T2-weighted imaging has been shown to enable distinction between acute and chronic myocardial infarction. Hence, MaR can potentially be assessed even in the presence of old infarction. Presence of old infarction, however, disables determination of MaR using endocardial extent of infarction by LGE CMR.
Another situation where MaR assessed by endocardial extent of infarction might be misleading is in the case of periprocedural induction of MI, which has been reported to occur in approximately 6% of all patients with non-STEMI undergoing acute reperfusion therapy. A significant myocardial salvage might be missed if MaR is based on the endocardial extent of a small transmural PCI-induced infarct caused by distal embolization of a small coronary branch.
In the present study, no significant correlation was found between myocardial salvage and time from pain onset to reperfusion. The relationship between myocardial salvage and duration of ischemia in humans has recently been described in a study by Hedström et al. The inclusion and exclusion criteria in the present study differ significantly from those applied by Hedström et al. For example, patients with biomarker release prior to PCI were excluded in the latter. The present study, however, included a more general population presenting with clinical signs of acute myocardial infarction. Thus, some patients in the present study had biomarker release prior to PCI, which may be an indicator of spontaneous reperfusion and re-occlusion that has been shown to sometimes occur in the early phase of acute coronary thrombosis. As a consequence, the duration of persistent ischemia may be overestimated in these patients, affecting the relationship between myocardial salvage and duration of ischemia assessed in the present study.
The present study was performed on a patient population presenting with first-time STEMI and undergoing successful reperfusion therapy. Thus, the applicability of the current results to settings like non-reperfused acute MI remains illusive. Furthermore, since only five women were included in the study the results cannot be generalized to both genders.
No independent measure of MaR, such as myocardial perfusion single photon emission computed tomography (SPECT) was obtained in the present study. Previous studies, however, have shown that T2-weighted imaging agrees well with myocardial perfusion SPECT [3, 8].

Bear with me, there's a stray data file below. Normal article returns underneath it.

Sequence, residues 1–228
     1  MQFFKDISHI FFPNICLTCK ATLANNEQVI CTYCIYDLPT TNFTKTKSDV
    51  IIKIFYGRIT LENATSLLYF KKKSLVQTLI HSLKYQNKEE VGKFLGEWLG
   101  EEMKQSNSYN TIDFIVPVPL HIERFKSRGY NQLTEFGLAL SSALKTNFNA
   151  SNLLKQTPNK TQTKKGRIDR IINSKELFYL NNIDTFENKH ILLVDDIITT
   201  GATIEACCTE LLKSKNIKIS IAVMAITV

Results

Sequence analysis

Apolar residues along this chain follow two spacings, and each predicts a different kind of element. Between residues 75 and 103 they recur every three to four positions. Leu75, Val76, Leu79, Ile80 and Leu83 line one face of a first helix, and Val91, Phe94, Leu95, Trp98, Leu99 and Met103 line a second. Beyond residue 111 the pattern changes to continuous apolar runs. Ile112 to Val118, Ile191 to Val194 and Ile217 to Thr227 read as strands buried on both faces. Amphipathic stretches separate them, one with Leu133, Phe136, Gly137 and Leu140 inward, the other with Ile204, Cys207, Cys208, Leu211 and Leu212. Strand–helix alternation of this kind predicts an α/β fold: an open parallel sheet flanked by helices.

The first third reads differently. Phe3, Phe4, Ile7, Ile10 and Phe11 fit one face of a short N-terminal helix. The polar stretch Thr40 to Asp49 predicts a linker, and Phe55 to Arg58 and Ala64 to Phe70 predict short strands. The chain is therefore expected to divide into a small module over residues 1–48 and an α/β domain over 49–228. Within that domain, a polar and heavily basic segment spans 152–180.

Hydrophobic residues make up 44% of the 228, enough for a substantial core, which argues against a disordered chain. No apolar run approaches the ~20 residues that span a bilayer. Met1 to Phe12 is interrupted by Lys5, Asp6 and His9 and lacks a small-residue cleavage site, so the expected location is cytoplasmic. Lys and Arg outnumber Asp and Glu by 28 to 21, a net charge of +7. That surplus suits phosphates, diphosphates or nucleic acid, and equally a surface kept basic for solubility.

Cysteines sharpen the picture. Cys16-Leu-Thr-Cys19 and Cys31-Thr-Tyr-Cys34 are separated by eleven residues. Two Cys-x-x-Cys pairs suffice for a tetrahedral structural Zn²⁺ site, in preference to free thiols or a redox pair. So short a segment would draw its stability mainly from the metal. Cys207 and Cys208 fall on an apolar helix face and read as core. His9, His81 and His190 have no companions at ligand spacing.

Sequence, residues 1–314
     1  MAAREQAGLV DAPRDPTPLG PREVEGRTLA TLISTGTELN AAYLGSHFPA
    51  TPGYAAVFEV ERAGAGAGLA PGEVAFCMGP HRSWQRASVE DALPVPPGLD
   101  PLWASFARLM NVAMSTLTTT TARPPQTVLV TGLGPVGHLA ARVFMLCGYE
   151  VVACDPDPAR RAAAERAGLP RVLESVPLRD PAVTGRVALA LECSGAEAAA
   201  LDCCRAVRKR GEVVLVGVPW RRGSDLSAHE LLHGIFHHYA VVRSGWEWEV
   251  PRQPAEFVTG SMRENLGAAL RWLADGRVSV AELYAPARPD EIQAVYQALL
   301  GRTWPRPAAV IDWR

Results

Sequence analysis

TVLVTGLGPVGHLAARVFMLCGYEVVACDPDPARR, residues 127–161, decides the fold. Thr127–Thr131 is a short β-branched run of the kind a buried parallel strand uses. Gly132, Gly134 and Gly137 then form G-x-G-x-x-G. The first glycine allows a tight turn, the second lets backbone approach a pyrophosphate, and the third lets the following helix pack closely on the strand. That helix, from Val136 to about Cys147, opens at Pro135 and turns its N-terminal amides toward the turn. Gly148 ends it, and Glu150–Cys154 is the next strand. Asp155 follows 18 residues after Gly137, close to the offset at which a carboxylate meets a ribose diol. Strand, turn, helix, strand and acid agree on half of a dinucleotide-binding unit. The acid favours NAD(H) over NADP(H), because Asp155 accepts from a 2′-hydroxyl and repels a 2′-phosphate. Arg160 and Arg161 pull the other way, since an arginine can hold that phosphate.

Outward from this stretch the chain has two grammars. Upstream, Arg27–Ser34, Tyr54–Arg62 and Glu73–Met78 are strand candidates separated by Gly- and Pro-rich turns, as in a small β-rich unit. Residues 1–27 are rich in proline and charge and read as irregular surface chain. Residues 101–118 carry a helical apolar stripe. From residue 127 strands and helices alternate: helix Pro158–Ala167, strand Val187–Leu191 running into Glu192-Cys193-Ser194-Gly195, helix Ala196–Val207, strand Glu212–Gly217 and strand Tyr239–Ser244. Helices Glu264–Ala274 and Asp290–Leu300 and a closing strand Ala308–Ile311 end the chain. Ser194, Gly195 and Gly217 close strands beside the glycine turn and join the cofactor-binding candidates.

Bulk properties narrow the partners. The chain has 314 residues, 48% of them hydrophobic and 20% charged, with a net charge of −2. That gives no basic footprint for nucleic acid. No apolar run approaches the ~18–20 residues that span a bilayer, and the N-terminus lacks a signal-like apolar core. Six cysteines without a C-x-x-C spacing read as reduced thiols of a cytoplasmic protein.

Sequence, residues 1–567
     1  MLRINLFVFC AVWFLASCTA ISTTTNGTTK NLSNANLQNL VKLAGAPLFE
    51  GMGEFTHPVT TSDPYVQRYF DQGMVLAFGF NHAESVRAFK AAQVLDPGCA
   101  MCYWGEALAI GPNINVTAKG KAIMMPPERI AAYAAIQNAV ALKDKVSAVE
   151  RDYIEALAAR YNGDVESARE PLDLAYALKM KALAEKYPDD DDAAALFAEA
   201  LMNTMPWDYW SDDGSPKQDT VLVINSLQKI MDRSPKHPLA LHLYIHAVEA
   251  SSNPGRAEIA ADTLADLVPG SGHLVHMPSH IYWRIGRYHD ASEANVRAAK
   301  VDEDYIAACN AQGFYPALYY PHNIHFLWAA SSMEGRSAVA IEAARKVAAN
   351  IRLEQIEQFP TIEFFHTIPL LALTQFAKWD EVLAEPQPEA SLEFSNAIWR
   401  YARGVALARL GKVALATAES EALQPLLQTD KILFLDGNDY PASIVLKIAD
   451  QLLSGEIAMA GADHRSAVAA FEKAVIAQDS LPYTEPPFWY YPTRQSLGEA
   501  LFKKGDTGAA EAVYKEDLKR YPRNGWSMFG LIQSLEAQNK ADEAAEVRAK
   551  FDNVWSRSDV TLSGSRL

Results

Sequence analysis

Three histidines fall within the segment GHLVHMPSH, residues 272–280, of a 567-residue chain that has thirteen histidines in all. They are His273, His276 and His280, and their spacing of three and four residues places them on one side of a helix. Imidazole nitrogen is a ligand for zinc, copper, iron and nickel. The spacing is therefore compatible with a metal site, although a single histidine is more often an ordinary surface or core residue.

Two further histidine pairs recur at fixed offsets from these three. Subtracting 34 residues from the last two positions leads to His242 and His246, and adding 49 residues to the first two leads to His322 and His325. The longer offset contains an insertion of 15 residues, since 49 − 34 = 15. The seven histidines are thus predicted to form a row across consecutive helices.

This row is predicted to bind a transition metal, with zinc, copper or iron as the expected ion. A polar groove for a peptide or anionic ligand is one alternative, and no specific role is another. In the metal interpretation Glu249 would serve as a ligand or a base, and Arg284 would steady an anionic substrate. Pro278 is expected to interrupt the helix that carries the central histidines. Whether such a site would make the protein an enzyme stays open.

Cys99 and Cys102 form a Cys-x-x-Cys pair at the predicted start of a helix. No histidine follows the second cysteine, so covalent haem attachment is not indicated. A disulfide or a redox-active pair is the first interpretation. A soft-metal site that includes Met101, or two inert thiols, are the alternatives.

Image quality can be a limitation in assessing MaR by T2-weighted imaging, and the image quality of the T2-weighted images used in the present study did not allow for automatic segmentation.
This study demonstrated that the endocardial extent of infarction as assessed by LGE CMR underestimates the myocardium at risk in comparison to T2-weighted imaging, especially in patients with early reperfusion and aborted myocardial infarction.
Cardiovascular Magnetic Resonance
Late Gadolinium Enhanced
Myocardium at Risk
ST-Elevation Myocardial Infarction
Single Photon Emission Computed Tomography
Thrombolysis in Myocardial Infarction.
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The authors would like to acknowledge Ann-Helen Arvidsson and Christel Carlander, both with the Lund Cardiac MR Group, for their skillful assistance with image acquisition. This study has been funded by the Swedish Research Council, the Swedish Heart and Lung Foundation, the Medical Faculty at Lund University, Sweden, and Region of Scania, Sweden.
The authors declare that they have no competing interests.
JU, HE, and HA were involved in the study concept. JU, HE, EH, MC and HA were involved in the study design. DE, SJ, EH and MC performed data acquisition, JU, HE and HA were involved in data analysis/interpretation. JU, HE, DE, SJ, EH, MC and HA were involved in either manuscript preparation or editing. All authors read and approved the final manuscript.
About this article
- Single Photon Emission Compute Tomography
- Percutaneous Coronary Intervention
- Cardiovascular Magnetic Resonance
- Infarct Size
- Myocardial Perfusion Single Photon Emission Compute Tomography